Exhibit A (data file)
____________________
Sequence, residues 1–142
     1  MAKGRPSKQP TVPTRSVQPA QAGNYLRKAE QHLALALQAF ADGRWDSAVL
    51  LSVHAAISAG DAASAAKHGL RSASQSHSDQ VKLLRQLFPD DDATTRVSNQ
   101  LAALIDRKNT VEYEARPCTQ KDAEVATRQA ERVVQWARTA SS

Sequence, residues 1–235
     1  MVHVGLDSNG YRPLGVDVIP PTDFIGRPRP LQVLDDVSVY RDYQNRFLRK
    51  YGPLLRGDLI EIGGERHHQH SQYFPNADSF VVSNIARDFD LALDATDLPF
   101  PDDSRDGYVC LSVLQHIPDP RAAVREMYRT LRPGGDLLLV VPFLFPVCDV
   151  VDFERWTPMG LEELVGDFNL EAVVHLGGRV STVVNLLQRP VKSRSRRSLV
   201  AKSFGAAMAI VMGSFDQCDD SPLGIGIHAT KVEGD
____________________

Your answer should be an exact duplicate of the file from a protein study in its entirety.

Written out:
Sequence, residues 1–142
     1  MAKGRPSKQP TVPTRSVQPA QAGNYLRKAE QHLALALQAF ADGRWDSAVL
    51  LSVHAAISAG DAASAAKHGL RSASQSHSDQ VKLLRQLFPD DDATTRVSNQ
   101  LAALIDRKNT VEYEARPCTQ KDAEVATRQA ERVVQWARTA SS

Sequence, residues 1–235
     1  MVHVGLDSNG YRPLGVDVIP PTDFIGRPRP LQVLDDVSVY RDYQNRFLRK
    51  YGPLLRGDLI EIGGERHHQH SQYFPNADSF VVSNIARDFD LALDATDLPF
   101  PDDSRDGYVC LSVLQHIPDP RAAVREMYRT LRPGGDLLLV VPFLFPVCDV
   151  VDFERWTPMG LEELVGDFNL EAVVHLGGRV STVVNLLQRP VKSRSRRSLV
   201  AKSFGAAMAI VMGSFDQCDD SPLGIGIHAT KVEGD